Centre for Internet & Society

This cluster responds to the range of transformation and restructuring of the economy emerging with, and emergent with, the proliferation of internet and internet-mediated transactions. The term 'network,' in this case, refers to the following: 1) the connectivity (network) infrastructures that underlie and make possible this economy, 2) the economic power and implications of the 'network effect,' and 3) the assemblage of digital and non-digital components and actors that make possible the functioning of such economies. The issues we are interested in include but are not limited to 'sharing economy' and peer-to-peer transactions; digital labour, electronic commerce, and platform economies; digital money and mobile-based banking; and automation, robotics, and 'industry 4.0.'

 

Recent Posts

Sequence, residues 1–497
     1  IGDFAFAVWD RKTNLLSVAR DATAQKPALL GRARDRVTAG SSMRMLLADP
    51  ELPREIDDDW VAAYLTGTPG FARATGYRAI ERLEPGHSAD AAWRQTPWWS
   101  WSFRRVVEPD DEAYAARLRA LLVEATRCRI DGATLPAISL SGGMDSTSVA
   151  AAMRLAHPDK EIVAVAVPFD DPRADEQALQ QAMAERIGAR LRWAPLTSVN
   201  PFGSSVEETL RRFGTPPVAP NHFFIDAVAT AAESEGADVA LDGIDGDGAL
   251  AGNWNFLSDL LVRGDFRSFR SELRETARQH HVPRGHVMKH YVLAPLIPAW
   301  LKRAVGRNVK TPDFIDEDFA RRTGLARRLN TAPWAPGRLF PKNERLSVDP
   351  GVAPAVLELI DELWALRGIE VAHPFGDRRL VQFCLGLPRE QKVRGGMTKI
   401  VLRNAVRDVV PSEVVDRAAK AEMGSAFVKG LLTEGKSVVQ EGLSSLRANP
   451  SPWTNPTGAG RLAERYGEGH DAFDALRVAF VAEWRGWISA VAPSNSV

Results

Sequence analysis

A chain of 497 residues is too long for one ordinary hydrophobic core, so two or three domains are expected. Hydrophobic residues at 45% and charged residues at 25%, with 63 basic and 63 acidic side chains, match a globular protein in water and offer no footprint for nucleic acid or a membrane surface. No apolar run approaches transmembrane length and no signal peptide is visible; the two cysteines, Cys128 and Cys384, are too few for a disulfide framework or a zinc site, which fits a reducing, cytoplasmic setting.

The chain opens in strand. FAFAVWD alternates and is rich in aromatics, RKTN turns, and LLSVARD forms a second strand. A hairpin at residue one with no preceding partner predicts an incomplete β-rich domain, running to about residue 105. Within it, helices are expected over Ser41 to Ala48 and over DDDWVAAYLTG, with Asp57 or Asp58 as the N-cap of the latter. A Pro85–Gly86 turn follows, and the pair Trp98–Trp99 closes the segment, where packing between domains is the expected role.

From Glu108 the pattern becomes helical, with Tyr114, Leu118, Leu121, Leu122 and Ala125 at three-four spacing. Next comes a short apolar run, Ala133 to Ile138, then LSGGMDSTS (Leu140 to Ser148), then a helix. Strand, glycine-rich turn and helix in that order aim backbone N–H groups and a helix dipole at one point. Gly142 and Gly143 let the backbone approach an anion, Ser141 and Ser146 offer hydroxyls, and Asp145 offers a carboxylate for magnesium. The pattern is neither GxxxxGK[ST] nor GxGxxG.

Blog Entry DWRU, BBGS & MKU - The Covid-19 Pandemic and the Invisible Workers of the Household Economy by Geeta Menon — last modified Jun 19, 2020 12:34 PM
Domestic Workers Rights Union (DWRU), Bruhat Bangalore Gruhakarmika Sangha (BBGS), and Manegelasa Kaarmikara Union (MKU) have prepared a report on the invisibilisation of domestic workers under the Covid-19 pandemic and a set of demands directed at the government and resident welfare associations (RWAs) for better, dignified and just treatment of domestic workers in Karnataka. We at CIS are proud to contribute to and publish this work as part of the ongoing 'Feminist Internet Research Network' project supported by the Association for Progressive Communications (APC).
Blog Entry Roundtable on India’s Gig-work Economy by Noopur Raval, Anushree Gupta, Rajendra Jadhav, Sarah Zia, and Simiran Lalvani — last modified May 19, 2020 06:36 AM